In short, a few simple rules can create the right structure for healthy complexity.

As for Comcast, I suspect that the company’s image is generally perceived to be a lumbering last-century-media leviathan. So it’s easy for people like Allaire to make these assumptions. I think I might have made similar assumptions, if I didn’t personally know some of the talented people who work at Comcast now!

What Allaire doesn’t come right out and say (maybe he doesn’t understand it?) is that the Web 2.0 video space isn’t so much about delivering video as about providing the social platform for people to engage one another around the content. Like Cory Doctorow said (and yes, I’m quoting it for like the 100th time), content isn’t king, “conversation is king; content is just something to talk about.”

Having the content isn’t good enough. Having the pipes and the captive audience isn’t good enough either. From what I’ve seen, of Ziddio and the like, Comcast is aware of this.

But it’s weird that the story in WSJ only mentions the social web as a kind of afterthought: “Competitors also are adding social networking and other features to their sites to distinguish them from traditional television.” As if social networking is just an added feature, like cup holders in cars. Obviously, WSJ isn’t quite clued in to where the generative power of Web 2.0 really lives. Maybe it’s because they’re stuck in an old-media mindset? Talk about DNA!

Henry Ford via Andrew McAfee on "busyness"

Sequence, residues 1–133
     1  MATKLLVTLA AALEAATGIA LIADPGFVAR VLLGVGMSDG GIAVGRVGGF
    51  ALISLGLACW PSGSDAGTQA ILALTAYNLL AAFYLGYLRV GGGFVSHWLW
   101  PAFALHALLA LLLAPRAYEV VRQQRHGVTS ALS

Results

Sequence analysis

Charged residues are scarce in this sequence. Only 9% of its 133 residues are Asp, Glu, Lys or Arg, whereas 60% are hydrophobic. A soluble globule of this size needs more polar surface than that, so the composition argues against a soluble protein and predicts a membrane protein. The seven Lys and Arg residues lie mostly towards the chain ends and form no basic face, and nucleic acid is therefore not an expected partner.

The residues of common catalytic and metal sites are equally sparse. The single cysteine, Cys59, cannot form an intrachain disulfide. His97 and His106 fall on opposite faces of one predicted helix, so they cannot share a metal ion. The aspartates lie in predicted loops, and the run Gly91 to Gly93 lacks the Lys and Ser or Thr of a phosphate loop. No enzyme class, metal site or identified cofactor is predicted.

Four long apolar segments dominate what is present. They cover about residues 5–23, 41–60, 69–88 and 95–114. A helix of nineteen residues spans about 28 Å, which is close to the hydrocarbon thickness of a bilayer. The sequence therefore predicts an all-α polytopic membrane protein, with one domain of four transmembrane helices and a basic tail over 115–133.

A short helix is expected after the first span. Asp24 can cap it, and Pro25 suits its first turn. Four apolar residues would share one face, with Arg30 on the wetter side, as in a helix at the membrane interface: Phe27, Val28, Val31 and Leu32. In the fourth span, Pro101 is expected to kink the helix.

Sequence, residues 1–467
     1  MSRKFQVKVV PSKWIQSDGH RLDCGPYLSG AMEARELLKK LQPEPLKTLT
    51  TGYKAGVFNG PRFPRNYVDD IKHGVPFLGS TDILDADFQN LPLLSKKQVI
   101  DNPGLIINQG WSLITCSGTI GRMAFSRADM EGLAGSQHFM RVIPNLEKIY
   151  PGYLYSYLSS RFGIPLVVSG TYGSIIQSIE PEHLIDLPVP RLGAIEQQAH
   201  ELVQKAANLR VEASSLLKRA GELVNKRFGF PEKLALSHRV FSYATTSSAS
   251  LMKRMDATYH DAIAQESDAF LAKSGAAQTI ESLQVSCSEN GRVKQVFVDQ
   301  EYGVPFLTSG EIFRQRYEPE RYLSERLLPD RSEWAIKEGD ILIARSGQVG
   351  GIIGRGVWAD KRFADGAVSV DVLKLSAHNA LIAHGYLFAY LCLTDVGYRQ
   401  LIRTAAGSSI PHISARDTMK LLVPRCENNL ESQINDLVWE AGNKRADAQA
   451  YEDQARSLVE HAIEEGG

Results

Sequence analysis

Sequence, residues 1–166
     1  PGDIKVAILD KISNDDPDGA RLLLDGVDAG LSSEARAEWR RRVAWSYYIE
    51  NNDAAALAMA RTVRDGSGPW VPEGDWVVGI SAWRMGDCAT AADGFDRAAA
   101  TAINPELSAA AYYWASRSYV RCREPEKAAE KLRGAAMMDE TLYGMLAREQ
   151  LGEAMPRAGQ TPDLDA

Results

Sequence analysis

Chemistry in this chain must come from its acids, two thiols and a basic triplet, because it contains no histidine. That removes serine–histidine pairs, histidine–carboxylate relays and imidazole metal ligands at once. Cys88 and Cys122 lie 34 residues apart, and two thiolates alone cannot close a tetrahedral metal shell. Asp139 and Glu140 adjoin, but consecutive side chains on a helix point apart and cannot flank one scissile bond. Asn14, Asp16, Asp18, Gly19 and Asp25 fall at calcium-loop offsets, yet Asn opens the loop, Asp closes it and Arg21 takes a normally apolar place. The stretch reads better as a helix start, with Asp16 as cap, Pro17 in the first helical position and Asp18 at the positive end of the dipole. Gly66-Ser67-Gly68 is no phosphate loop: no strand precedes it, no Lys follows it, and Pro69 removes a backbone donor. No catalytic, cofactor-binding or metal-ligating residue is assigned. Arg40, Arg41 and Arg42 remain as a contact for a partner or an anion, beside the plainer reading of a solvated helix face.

Ran across this bit in Andrew McAfee’s Blog

Ford once enlisted an efficiency expert to examine the operation of his company. While his report was generally favorable, the man did express reservations about a particular employee.

“It’s that man down the corridor,” he explained. “Every time I go by his office he’s just sitting there with his feet on his desk. He’s wasting your money.” “That man,” Ford replied, “once had an idea that saved us millions of dollars. At the time, I believe his feet were planted right where they are now.”

Summit 07 Accomplished: Pres File Available

I managed to finish my presentation for this year’s IA Summit, and present it in under 50 minutes. Huzzah!

As promised, I’m posting the whole thing with notes here on the blog. If you want the PDF of the presentation (16MB), go here:

And if you want to see the “blog post of record” about the presentation — with extra reference and research information & links — then check out the post here:

Thanks to everyone who attended the presentation and asked such terrific questions!